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Chief Longwind Of The North

Aug 26, 2004
The hot weather is here. With many a garden starting to produce, it's a perfect time for a cold, refreshing soup. To satisfy that desire for something refreshing, and full of flavor, I give you Gazpacho. This recipe is an excerpt from one of my cookbooks. Enjoy.​

Gazpacho originated in Spain and was brought to Mexico by the Spaniards. It is a cold, tomato-based soup that relies on raw vegetables for flavor, texture, and to provide a refreshing zest to any meal on a hot August day.
There are many recipes for this cold soup. Mine is basic, but contains the essential ingredients upon which you can expand. I've taken the liberty of adding an avocado to help thicken and add just one more flavor layer to this soup. The avocado makes it creamier. I've usually experienced Gazpacho without the avocado, or with the fruit sliced and served on the side. But any way you make it, it's good stuff.
Hmmm. As this is a book to help you learn how to create new and interesting dishes from a basic understanding of food, I'm going to also give you a Gazpacho recipe to play with. We'll create it together. You'll see what I mean following the below listed recipe.

5 ripe, sweet Tomatoes, peeled and quartered
1 sweet Onion, diced
1 medium cucumber, washed and cut into chunks
1 yellow Bell Pepper, diced
3 tbs. Cilantro leaves
2 ripe Haas Avocados, peeled and diced (optional)
¼ cup Extra Virgin Olive oil
1 fresh lime, quartered

Place all ingredients, except the lime wedges, into the blender along with 2 tbs. Cilantro leaves, olive oil, and the avocado. Blend until smooth. Pour the mixture into a large bowl. Refrigerate for at least 2 hours.
Serve as a refreshing cold soup, along with the quartered limes and salt.
Experimental Gazpacho
I am going to give you a list of ingredients that will go well in this soup, and let you decide which ones and how much of each ingredient to add. I'll also give you tips about how to add ingredients in a way that will almost guarantee success.
Fresh, whole, ripe Tomatoes
Tomato juice
Fresh Cilantro
Pepper Sauce (Tabasco or Frank's)
Fresh, chopped Jalapeno Peppers
Diced Bell Peppers (red, green, yellow, and orange)
Chili Powder
Sliced Celery
Chopped Onion
Sliced Carrots
Fresh Corn Tortillas
Whole Kernel Corn
Minced Garlic
Garlic Powder
Onion Powder
Kidney Beans
Pinto Beans
Chopped Spinach Leaves

Let's think about what this soup is supposed to do. It's supposed to refresh us, while at the same time, satisfy our taste buds. And remember, this cold soup was traditionally a way to use up good vegetables from the garden.
With that in mind, let's decide which ingredients to use. Of course we're going to use some kind of tomato with tomato juice for the base. This will allow you to cut the tomatoes into bite-sized chunks.
The problem with many fresh veggies is that if left to sit while raw, natural enzymes begin to digest the vegetable. Think day old lettuce that’s been left out. So we either need to blanch the veggies to denature the enzymes, or use them very fresh. Cooked tomatoes are already in a state that will keep well.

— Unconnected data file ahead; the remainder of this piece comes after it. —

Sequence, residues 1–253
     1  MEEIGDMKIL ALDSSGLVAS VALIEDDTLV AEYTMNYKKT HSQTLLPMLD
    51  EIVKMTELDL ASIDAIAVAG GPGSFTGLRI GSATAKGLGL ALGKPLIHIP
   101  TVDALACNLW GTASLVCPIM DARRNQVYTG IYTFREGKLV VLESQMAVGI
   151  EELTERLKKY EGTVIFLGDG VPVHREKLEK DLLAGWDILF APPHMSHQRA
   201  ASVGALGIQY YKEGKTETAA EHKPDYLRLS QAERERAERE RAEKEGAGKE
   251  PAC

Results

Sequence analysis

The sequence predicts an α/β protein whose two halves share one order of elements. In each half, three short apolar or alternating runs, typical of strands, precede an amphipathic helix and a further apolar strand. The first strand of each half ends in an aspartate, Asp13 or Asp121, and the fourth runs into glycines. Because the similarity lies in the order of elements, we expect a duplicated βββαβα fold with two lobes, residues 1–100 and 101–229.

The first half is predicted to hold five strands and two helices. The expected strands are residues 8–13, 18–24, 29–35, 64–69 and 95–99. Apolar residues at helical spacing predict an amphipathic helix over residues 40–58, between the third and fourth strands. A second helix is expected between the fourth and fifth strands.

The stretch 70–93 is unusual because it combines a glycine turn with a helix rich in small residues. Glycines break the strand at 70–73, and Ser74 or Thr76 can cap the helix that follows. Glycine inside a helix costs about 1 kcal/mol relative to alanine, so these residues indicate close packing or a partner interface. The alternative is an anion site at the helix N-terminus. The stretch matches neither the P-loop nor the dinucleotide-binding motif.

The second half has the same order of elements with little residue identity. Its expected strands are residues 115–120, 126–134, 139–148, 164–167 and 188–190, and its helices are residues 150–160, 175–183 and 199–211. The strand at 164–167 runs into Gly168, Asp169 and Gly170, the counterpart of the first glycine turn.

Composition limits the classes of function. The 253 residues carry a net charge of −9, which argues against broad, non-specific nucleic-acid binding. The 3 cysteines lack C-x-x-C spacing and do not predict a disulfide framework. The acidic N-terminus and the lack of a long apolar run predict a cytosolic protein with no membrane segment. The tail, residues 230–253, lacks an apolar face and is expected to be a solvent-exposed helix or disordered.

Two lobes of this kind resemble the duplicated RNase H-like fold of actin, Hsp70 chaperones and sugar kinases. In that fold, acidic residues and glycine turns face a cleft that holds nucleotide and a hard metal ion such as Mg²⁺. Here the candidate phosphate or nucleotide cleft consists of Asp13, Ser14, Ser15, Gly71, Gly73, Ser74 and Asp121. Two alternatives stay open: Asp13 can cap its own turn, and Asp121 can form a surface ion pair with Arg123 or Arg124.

The herbs,(cilantro, garlic, onion, pepper) when cooked will give up much of their flavor to the tomato broth. But this is supposed to be a cold soup. So we will have to cook these in the broth and then allow the soup to cool in the refrigerator.
Raw onion is a great flavor, in very small amounts. I use it in Cole-slaw. But that flavor will be overpowering to this soup. So, we will either need to cook the onion in the broth, to sweeten it and remove the crunch, or use onion powder. The same is true of the garlic.

The hot sauce, now there's a variable. Some people love it, and others detest it. I suggest putting this condiment at the table and allowing the individual to add it to their own bowl.

The peppers will add great flavor, but use sparingly. Add a little, let cook for a good fifteen minutes or so and taste. If you need to add more, do so. If not, don't add more, just to show how hot you can handle food. Your guests or family will not appreciate you at all if the soup is too spicy-hot..
The bell peppers should be diced fairly small and cooked into the broth. The flavor is great. But remember, the richer the color, the greater the food value. Also, the more colorful peppers are higher priced. So use your best judgment. One more thing, bell peppers have a strong flavor. As with all ingredients, add sparingly, but use enough to add color and flavor to the soup.
The cilantro is my favorite herb to add to most things Mexican. It is pungent in flavor, reminiscent of parsley, but without the bitterness. Use too much though, and you've ruined the soup.
Then there are other spices and herbs you can add, and other ingredients such as mushrooms, capers, olives, etc. All I can say is put together the various flavors in your mind. Try to imagine what each addition will add to the overall flavor. Then, add what you think will work. Season sparingly. You can always add more. But once its in, you can't get it out.
Now, go make the best Garden Veggie soup you've ever tasted. You can do this.

Seeeeya; Chief Longwind of the North
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Looks great.
I like the addition of cilantro and avocado. never had it like that before. Many try it tomorrow, as my tomatoes are kicking in, already harvested onions and garlic, and looking for a way to use up my cukes.

I usually follow Jacques Pepin's recipe. its with tomatoes, onions, peppers, garlic, cucumber, olive oil, and some spicy Bloody Mary mix. Im not sure, but I think once. saw him toss some bread in there before blending I up. I could be mistaken.
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